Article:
What we will miss: 14 – My fields.

I don’t really like running in cities.  I don’t like having to stop at lights or crossing streets. I prefer paths where I only meet other runners or people out walking their dogs.  I can get completely lost in a podcast or audio travel guide talking about places I am going to see when I don’t have to watch for cars.

Those are the reasons why I typically pick the fields to run in.  Here’s the most common loop I do, however now that I’m trying to get more mileage in, I’m having to get creative.

No matter where I go, the first mile I run is always in the city.  I do my best to finish my run so that I can walk back home through the city.  I like to end my run while still in the fields so I can enjoy the views.  That is getting much harder now that I’m running over seven miles at a time.

I have some German friends and I hope they don’t read this as a negative but I want to share it because it is part of my experience.  Americans (especially those of us born and raised in the south) wave at everyone we pass.  Not a crazy parade wave but a slight one just to acknowledge that we are passing.  To not wave at someone would feel rude to me, though I don’t see Germans who don’t wave back as rude.  I understand that this is not their custom.  I find it extremely fun when I pass another American and they actually wave first! Germans don’t wave or make eye contact as they pass other people in the fields, unless the person they’re passing has a dog or a baby.  I wave to those I pass and get some funny looks but I don’t mind.

Oh, and speaking of dogs: I’ve found that German people tend to train their dogs to leave other people alone.  They are almost never on leashes in the fields and I’ve never ever had one approach me.  At first I dreaded passing these people who let their dogs off leashes but that soon passed.  Seriously, the dogs don’t even notice people.  I love German dogs!

There is one particular spot in the fields that I love.  I call it the “two trees” because there are two trees there.  They are separated by 200 yards, I’d say (but don’t quote me on that). For a short run we can go through the neighbhorhood, turn down one street, turn right at the first tree, right again at the second tree, and back home, for exactly three miles.

Here is a picture taken of the boys on the day we walked to WAAF.  We were parked at the 2nd tree on the map.

Nicely placed bench for a Nilla Wafers and water break

Here are some of my previous posts about my fields:

A bit about our trip:

This morning I plan to get up before my family to take some sunrise pictures from a location I scouted yesterday while taking the Grand Canal cruise.  I plan to pick a spot that will be perfect for early morning pictures.  I’ve already checked on the time of sunrise:  0737.

We have plans to see Doges Palace and take the Secret Itineraries tour, which will let us actually cross the Bridge of Sighs.

We will take turns going into St. Mark’s Basilica so that we don’t have to worry about Parker being loud.  After this we will take Rick Steves’ “St. Marks to Rialto” walking tour for sunset pictures of the Rialto Bridge.  I have researched and found a good family restaurant nearby:  Pizzeria Trattoria La Perla:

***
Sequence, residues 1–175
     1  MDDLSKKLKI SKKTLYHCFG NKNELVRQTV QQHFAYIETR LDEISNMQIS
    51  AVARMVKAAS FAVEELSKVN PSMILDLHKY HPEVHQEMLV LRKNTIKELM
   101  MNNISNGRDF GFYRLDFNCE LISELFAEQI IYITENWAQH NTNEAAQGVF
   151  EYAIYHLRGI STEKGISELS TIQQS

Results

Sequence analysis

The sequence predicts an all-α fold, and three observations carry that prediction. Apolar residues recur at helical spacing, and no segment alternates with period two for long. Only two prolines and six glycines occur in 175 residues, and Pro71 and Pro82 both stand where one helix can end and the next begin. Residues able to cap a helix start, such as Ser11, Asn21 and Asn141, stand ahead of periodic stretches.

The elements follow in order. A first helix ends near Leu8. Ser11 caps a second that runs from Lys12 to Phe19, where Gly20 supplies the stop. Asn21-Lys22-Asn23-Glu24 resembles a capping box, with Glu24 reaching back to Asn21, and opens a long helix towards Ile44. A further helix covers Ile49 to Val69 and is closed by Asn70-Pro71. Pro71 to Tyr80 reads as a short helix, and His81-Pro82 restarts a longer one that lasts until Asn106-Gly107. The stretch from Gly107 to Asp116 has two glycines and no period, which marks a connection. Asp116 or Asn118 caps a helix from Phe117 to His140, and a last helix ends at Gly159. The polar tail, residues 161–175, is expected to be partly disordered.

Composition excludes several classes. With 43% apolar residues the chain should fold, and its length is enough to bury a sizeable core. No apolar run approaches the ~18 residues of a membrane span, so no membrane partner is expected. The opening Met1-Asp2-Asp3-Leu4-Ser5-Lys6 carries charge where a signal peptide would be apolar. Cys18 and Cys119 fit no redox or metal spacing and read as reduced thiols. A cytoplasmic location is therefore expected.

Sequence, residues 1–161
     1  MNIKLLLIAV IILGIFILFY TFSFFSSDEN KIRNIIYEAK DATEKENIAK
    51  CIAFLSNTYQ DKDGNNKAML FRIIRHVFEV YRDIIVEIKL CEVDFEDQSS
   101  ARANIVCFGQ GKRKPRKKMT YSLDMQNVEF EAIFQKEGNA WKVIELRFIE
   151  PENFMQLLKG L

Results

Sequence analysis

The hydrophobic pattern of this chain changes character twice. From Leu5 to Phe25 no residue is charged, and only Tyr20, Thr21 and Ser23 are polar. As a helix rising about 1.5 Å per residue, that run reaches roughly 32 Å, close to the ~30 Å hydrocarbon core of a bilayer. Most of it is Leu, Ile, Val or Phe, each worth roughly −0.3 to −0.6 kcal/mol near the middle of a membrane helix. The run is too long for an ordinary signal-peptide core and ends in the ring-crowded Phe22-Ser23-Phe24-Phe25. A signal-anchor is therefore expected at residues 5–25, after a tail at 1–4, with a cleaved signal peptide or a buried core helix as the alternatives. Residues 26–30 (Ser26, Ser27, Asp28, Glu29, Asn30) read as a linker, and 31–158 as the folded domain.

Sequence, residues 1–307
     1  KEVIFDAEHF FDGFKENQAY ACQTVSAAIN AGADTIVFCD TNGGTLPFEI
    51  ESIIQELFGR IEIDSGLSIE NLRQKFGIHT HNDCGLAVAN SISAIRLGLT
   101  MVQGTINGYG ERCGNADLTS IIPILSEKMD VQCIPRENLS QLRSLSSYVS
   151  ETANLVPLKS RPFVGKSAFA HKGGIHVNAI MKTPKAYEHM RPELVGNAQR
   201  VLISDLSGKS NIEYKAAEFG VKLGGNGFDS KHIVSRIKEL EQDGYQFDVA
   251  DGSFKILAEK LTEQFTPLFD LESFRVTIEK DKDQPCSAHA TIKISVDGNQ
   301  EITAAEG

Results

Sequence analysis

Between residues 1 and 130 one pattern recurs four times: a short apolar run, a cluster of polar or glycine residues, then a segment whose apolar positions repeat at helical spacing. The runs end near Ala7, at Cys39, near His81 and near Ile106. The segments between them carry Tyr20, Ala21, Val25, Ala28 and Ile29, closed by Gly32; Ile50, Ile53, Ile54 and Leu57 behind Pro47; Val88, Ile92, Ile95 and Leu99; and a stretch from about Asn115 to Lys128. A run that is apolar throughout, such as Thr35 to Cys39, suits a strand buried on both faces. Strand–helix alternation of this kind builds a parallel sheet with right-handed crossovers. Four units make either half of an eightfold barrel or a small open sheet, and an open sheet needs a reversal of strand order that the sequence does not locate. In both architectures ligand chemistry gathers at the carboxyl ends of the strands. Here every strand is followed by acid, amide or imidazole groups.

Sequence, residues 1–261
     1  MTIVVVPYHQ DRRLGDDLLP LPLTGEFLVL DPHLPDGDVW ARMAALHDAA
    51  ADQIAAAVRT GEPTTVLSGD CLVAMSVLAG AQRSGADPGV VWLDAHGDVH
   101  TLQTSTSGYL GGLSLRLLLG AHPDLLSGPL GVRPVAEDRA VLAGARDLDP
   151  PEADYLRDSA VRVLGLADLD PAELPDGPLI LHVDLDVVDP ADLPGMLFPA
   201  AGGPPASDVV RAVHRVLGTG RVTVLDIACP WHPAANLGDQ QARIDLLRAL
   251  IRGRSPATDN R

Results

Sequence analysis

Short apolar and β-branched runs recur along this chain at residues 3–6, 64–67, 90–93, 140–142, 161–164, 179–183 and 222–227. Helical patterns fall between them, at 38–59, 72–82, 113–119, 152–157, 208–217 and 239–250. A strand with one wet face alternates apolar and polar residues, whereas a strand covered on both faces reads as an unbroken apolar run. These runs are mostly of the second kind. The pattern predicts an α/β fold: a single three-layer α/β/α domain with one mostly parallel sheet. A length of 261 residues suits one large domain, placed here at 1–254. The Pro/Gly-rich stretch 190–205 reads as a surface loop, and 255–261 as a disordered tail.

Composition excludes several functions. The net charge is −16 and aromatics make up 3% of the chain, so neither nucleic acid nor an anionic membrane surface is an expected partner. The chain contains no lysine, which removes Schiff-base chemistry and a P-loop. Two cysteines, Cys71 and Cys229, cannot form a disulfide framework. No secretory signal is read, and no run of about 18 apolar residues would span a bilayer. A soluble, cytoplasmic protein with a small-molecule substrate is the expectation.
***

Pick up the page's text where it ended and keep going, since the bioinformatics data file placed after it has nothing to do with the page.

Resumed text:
About Jennifer

"Yes, they're all mine." The answer to the question I hear most often.
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6 Responses to What we will miss: 14 – My fields.

  1. Jennifer says:

    Reblogged this on thehamricks and commented:
    This was 1 year ago today: High Waters in Venice,close to the end of the perfect vacation.

  2. Jennifer says:

    Your pizzeria photo is making me hungry. Loving your blog. I miss the field and forest. My childhood was spent in the forest of Wiesbaden-Rambach where my Opa and Oma lived. My dad was stationed in Germany for over 1/2 his career and we have been back twice with my husbands career. From all the cities I have been to in Germany (besides southern Germany) Wiesbaden is still my favorite. The area just captivates you. I am sure you will be missing the Christmas markets soon because nothing here really compares. Our next duty assignment is Poland. I am embracing our last few months here in Colorado where my kids can run freely and have a true American childhood experience. We keep waving and saying hallo no matter where we go. Sharing the love of Christ through a smile or a wave and make any ones day.

    • Jennifer says:

      Wiesbaden is a gorgeous place, and so is Colorado. I think it would be fun to be in Poland for a while! It is hard to leave Colorado, I can say, but going somewhere exciting like Poland would make it worth it.

  3. How long did it take you to walk to waaf? That seems far with small children!

  4. Joleen Hyatt says:

    It takes longer with an elderly mother who gets blisters on her feet by the first tree! Thankful for the bowling alley to stop and rest my feet, have a frozen coffee treat, and wait for Papa to come pick us up! Did I make it at least 3/4 of the way? Loved the fields and the beauty, just not the blisters! I think I could do it now ~ let’s go back so I can try it. 🙂

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